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Have you ever explored an ice cave? Perhaps you thought you had to travel to Iceland to see these unique formations. But you can actually stay right here in the United States and see a few ice caves that the USDA Forest Service manages.
There are ice caves in the Mendenhall Glacier in Alaska, in the Gifford Pinchot National Forest in Washington, and in the Mount Baker-Snoqualmie National Forest in Washington. The latter is where the popular Big Four Ice Caves is located.
Let’s look at how you can visit this yearly formation of ice and snow at the base of Big Four Mountain. The caves are only there for a few months out of the year, so let’s dive in!
About The Big Four Ice Caves
Located in the Cascade Range of Washington, Big Four Mountain rises about 6,180 feet high. Avalanches regularly occur here, yet the debris from these events remains piled high all year because of the ample shade from the mountain.
The ice that rests here forms the lowest-elevation glacier in the lower 48 states. Snowmelt in the summer causes ice caves, and one of the most popular hiking trails is the Big Four Ice Caves Trail.
How The Big Four Ice Caves Formed
Ice caves form as the ice melts every summer, and warm air streams in underneath the avalanche debris at the bottom of the mountain. When the snow builds up later in the year, these caves eventually collapse until they form again the following spring.
The Big Four Ice Caves are like snow caves under an avalanche that cycle through melting and refreezing year after year. The caves usually begin to form during late July and August and remain until October.
Where Are the Big Four Ice Caves?
Big Four Mountain is located in northwest Washington, about 70 miles northeast of Seattle. The Big Four Ice Caves Trail starts in Mt. Baker National Forest along Highway 92.
You’ll travel about 26 miles from Granite Falls, passing through Silverton. Highway 92 becomes Mountain Loop Highway. You’ll see a sign for Big Four Ice Caves.
How Do You Get to the Big Four Ice Caves?
The Big Four Ice Caves Trail is about four miles from the Silverton Bridge on Mountain Loop Highway. There are two parking areas located at the trailhead for about a couple dozen vehicles in each lot.
The 2.3-mile out-and-back trail is easy and takes about an hour to complete. Along with hikers, you might encounter cross-country skiers. Dogs are welcome on the trail as long as they remain on a leash.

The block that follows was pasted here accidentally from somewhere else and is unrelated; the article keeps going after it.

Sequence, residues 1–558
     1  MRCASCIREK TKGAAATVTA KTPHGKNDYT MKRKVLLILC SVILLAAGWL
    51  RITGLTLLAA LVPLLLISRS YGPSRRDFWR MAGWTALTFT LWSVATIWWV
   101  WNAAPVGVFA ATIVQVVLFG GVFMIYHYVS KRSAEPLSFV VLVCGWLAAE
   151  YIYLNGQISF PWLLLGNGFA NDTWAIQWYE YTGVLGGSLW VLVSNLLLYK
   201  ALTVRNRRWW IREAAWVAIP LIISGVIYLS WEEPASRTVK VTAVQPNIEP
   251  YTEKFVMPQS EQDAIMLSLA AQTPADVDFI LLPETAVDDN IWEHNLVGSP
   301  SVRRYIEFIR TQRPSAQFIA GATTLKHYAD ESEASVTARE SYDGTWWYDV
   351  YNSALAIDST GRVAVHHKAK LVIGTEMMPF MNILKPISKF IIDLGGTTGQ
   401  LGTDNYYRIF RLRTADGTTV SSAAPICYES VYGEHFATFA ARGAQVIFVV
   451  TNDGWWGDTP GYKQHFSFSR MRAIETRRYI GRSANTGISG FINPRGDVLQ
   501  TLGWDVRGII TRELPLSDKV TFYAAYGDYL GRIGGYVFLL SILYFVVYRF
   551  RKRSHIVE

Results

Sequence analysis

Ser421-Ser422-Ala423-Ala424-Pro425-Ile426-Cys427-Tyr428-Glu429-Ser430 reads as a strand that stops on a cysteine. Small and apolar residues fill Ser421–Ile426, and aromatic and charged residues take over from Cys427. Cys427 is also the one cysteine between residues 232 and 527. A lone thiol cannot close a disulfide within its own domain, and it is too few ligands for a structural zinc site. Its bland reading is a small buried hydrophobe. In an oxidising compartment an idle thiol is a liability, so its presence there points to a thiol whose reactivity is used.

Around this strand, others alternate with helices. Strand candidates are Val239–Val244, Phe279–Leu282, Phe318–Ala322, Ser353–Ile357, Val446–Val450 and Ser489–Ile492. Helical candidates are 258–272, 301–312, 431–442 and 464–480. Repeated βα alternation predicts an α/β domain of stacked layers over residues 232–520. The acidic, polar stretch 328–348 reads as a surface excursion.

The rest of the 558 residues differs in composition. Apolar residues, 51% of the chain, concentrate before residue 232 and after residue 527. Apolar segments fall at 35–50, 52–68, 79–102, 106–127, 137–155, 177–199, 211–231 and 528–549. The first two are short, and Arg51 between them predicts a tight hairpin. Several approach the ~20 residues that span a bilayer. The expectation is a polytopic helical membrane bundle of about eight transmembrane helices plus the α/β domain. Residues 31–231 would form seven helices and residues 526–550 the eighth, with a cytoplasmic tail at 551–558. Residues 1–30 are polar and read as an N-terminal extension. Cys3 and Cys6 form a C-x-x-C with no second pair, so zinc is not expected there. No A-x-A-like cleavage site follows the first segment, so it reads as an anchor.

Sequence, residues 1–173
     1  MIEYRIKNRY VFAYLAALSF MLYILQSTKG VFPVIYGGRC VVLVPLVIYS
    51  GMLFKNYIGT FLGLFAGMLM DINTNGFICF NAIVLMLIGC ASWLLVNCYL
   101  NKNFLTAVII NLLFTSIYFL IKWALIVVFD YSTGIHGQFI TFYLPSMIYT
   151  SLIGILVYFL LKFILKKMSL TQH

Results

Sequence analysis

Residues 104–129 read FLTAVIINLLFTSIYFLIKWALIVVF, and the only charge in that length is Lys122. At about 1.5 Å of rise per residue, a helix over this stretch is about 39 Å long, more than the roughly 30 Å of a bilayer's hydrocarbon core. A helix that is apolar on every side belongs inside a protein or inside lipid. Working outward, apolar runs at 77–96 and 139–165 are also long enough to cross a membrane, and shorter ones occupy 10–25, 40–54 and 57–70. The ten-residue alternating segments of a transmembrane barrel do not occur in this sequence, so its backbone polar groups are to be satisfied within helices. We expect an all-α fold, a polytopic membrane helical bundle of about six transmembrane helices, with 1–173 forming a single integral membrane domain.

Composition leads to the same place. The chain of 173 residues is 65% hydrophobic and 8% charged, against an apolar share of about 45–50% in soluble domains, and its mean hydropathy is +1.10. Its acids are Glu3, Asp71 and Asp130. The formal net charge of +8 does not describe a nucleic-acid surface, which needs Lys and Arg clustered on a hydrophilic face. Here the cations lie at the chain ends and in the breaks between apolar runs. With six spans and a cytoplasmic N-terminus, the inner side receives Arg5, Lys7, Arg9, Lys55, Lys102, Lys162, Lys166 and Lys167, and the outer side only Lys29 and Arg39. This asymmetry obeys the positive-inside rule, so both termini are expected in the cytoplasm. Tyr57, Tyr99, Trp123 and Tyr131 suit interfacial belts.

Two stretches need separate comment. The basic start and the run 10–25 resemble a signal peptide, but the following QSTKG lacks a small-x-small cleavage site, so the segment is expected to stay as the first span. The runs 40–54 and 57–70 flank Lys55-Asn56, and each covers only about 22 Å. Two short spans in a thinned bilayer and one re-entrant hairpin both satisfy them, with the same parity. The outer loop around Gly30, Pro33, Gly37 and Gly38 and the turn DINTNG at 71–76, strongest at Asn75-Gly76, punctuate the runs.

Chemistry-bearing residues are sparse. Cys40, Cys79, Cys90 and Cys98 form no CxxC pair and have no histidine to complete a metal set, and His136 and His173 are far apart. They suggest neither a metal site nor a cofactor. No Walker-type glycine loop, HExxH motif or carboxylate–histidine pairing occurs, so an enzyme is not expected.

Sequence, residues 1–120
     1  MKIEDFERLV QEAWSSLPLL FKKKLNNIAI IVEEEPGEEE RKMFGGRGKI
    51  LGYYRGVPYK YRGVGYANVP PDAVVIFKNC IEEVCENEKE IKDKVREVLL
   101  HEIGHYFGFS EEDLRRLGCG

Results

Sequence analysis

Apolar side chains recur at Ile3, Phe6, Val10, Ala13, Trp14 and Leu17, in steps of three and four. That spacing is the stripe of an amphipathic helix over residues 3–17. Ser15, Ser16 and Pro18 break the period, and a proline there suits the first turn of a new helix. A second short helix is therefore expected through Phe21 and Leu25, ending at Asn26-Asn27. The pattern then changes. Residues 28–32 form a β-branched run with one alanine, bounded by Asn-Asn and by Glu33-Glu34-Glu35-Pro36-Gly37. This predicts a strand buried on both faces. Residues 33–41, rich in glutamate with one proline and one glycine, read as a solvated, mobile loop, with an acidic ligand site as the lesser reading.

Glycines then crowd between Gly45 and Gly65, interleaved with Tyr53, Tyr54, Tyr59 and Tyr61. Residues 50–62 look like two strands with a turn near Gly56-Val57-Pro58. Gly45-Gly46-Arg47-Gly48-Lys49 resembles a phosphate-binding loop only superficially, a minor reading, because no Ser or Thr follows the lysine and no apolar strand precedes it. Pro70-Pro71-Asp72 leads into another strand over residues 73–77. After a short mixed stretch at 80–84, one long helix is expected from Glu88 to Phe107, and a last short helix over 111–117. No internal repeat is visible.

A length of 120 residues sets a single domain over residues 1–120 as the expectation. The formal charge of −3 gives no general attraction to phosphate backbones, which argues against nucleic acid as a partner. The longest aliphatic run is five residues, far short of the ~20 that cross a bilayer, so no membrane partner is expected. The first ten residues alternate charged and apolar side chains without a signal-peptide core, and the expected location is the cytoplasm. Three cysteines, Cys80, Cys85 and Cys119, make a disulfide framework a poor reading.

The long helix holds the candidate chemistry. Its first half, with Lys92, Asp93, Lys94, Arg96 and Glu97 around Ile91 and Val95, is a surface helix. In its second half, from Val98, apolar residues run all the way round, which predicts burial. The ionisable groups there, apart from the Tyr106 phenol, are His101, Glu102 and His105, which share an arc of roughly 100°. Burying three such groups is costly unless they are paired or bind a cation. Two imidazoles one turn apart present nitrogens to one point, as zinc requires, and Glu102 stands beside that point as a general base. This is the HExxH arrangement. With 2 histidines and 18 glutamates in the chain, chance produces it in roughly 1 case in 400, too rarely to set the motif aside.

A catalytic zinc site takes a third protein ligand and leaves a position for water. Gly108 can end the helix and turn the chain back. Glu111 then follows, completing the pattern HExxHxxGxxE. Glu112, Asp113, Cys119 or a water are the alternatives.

Keep in Mind: Some RVs can’t handle the journey of traveling all over the world, but this RV can!
About The Big Four Ice Caves Trail
The trail leads you through the hemlock firs of Mt. Baker-Snoqualmie National Forest. You’ll traverse over elevated boardwalks through a marshy area. In the spring, you might catch a glimpse of beavers or songbirds. A picnic area offers stunning views of Big Four Mountain, so bring a snack to enjoy.
After passing the picnic area, you’ll cross the South Fork of the Stillaguamish River on a footbridge. If there is avalanche activity, this is where you’ll want to stop due to dangerous conditions. You’ll notice more and more trees that avalanches have broken.
If you can proceed to the viewing area, you’ll see all of the avalanche accumulation at the base of the north wall of Big Four Mountain. It’s important that you never go any farther from this point because of unsafe conditions.
Is the Big Four Ice Caves Open Year-Round?
The Big Four Ice Caves don’t exist year-round. The snowmelt and warm air of late spring create the caves, so if you attempt to visit before May, it’s likely you won’t see anything but piles of snow at the base of the mountain.
But once late spring and summer arrive, this is a heavily-trafficked trail.
Can You Go Inside the Big Four Ice Caves?
The caves aren’t closed off, but it’s not recommended for anyone to enter. The US Forest Service warns of the dangers of entering the Big Four Ice Caves due to rock and ice fall.
This is why you’ll see warning signs posted on the trail recommending that you go no farther but simply see the caves from the viewing area.
Explore More: Another cave you won’t want to miss is Sunset Cliffs Cave near San Diego, California!
Is the Big Four Ice Caves Dangerous?
There is always a risk when venturing into an area where avalanches, rock falls, and ice falls regularly occur. You’ll see signs on the trail that say “Danger! Ice Caves Kill.”
They are very dangerous to enter because lots of ice from the ceilings crashes every year. Unfortunately, people are injured and even killed from exploring unsafe caves.
Obey the posted warning signs and stay safe while viewing this natural yearly occurrence.
Visit the Big Four Ice Caves But Practice Caution
The Big Four Ice Caves is absolutely worth visiting if you’re in the northwest Washington area in summer or early fall.
It’s incredible how nature forms these caves year after year. But always proceed with caution. Check local weather conditions and pay attention to posted notices at the trailhead about the trail conditions. The caves are cool but aren’t worth losing your life over.
Have you ever been to the Big Four Ice Caves?